Forum: Ruby Flood Fill Visualization (#201)

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33117162fff8a9cf50544a604f60c045?d=identicon&s=25 Daniel X Moore (yahivin)
on 2009-04-17 17:20
(Received via mailing list)

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## Flood Fill Visualization (#201)

Bonjour Rubyists,

This week's quiz comes from [Martin DeMello][1]

[Flood fill][2] is a simple algorithm that colours in a connected
region of a bitmap. The algorithm looks for all nodes which are
connected to the start node by a path of the target color, and changes
them to the replacement color. (Check out the Wikipedia page for more

While simple, the algorithm is pretty satisfying to watch in action,
which brings us to the quiz: have a program accept a bitmap and a
starting point, and animate the algorithm as it floodfills the region
containing that point.

Have Fun!

7b56484f1e9d9af7b4c2c7ef16142197?d=identicon&s=25 Martin Boese (Guest)
on 2009-04-20 06:49
(Received via mailing list)
Attachment: floodfill.rb (934 Bytes)
My solution attached.

Ae16cb4f6d78e485b04ce1e821592ae5?d=identicon&s=25 Martin DeMello (Guest)
on 2009-04-23 06:41
(Received via mailing list)
Attachment: ffill.rb (2 KB)
Here's my solution - a bit quick-and-dirty, but I had fun writing it :)

33117162fff8a9cf50544a604f60c045?d=identicon&s=25 Daniel X Moore (yahivin)
on 2009-04-25 22:37
(Received via mailing list)
This quiz was submitted by Martin DeMello [1] using the submission
form: Please do submit quiz
ideas, Ruby Quiz thrives with support from the community!

Martin Boese provided a solution that animates the filling process by
printing the output to the console.

The core of Martin B.'s solution is this recursive fill method.

    def fill(x, y, target_color, replacement_color)
        return unless self[y][x]  # valid point?

        return if self[y][x] != target_color
        return if self[y][x] == replacement_color

        (dump; sleep(0.2)) if @options[:animation]

        self[y][x] = replacement_color
        fill(x+1, y, target_color, replacement_color)
        fill(x-1, y, target_color, replacement_color)
        fill(x, y+1, target_color, replacement_color)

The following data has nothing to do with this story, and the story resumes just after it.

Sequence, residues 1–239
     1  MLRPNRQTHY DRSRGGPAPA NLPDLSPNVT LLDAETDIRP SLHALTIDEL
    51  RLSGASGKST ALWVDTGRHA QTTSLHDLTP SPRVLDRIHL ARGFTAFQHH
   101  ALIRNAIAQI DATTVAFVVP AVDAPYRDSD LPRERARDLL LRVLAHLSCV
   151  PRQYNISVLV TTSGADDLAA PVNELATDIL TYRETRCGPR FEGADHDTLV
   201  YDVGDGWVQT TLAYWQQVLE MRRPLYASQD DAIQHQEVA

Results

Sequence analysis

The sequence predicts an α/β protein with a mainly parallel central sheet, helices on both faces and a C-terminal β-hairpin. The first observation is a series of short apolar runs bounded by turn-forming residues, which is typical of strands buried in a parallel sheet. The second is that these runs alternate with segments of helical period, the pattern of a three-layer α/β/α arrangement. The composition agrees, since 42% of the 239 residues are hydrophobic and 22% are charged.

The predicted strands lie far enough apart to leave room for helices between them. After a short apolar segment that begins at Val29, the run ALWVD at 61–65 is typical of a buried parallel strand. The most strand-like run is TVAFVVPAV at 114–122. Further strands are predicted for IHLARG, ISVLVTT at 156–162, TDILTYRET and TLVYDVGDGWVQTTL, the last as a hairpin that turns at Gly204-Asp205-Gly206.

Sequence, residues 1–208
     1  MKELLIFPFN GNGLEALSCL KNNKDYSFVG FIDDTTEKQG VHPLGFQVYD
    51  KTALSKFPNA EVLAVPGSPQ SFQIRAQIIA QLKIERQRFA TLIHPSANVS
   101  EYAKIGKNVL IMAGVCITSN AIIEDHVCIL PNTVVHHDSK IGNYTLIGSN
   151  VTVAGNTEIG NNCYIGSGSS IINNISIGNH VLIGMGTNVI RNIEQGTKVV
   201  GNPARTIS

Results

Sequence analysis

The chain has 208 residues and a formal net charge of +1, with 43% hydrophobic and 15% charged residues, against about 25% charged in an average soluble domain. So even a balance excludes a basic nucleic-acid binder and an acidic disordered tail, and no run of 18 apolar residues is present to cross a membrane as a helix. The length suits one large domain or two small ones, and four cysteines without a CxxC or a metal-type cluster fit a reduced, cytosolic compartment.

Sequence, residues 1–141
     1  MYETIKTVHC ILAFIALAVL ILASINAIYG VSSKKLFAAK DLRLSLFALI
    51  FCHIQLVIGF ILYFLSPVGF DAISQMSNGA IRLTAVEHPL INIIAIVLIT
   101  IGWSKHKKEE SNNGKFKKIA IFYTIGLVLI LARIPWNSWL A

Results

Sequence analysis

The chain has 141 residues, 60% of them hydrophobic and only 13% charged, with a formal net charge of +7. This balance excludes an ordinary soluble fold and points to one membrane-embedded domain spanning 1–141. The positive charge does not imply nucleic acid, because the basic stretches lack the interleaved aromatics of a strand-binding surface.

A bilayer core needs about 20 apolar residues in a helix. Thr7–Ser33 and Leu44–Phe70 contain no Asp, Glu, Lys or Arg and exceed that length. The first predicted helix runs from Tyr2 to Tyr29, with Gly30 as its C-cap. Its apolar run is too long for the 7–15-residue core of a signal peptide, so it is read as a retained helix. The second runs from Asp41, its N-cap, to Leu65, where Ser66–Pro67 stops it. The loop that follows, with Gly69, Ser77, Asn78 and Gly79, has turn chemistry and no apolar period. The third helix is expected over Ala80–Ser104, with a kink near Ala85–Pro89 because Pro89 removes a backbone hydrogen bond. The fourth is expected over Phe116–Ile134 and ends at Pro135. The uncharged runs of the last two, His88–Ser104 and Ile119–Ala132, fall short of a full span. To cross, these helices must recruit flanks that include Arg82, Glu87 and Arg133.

fill(x, y-1, target_color, replacement_color)

The method begins with a few checks to determine if it should return.
The first check exits the method if the point is outside of the
canvas. The next check exits if the current point's color does not
match the target color, we don't want to fill just anything. The third
check exits if the current point's color is equal to the replacement
color, if we didn't then we would fill forever!

This part: `(dump; sleep(0.2))` is responsible for printing the state
of the operation to the console and waiting a little bit.

Partially Complete [2]

Completed [3]

The final section sets the color of the current point and recursively
calls `fill` on all adjacent points.

Martin DeMello submitted a Shoes App solution. Although Martin D.'s
solution didn't work for me exactly as submitted, with a little
tweaking I was able to get it to run. The neat part about Martin D.'s
solution is that, aside from being colorful Shoes App, it allows you
to view the animation when the cells are placed in a stack or a queue.

Here are two images showing the difference in how the fills proceed
when using a stack or a queue:

Stack [4]

Queue [5]

In both solution the starting canvas data was represented as characters
like so:

    data = <<END
    #   #        #
    #   #        #
    #  #      #  #
    ###      #   #
    #        #   #

Together these two solutions cover the major possible implementations
of the Flood Fill algorithm: recursively with an implicit stack (the
call stack) and iteratively with an explicit stack or queue.

I hope you find these solutions interesting and that they help you out
when you are making your next graphics application (maybe a future

Ae16cb4f6d78e485b04ce1e821592ae5?d=identicon&s=25 Martin DeMello (Guest)
on 2009-04-26 08:49
(Received via mailing list)
On Sun, Apr 26, 2009 at 2:07 AM, Daniel Moore <> wrote:
> Martin DeMello submitted a Shoes App solution. Although Martin D.'s
> solution didn't work for me exactly as submitted, with a little
> tweaking I was able to get it to run.

Yes, my bad. I built this against the latest shoes-git and ruby 1.9;
the scoping turned out to be slightly different for shoes built
against ruby 1.8

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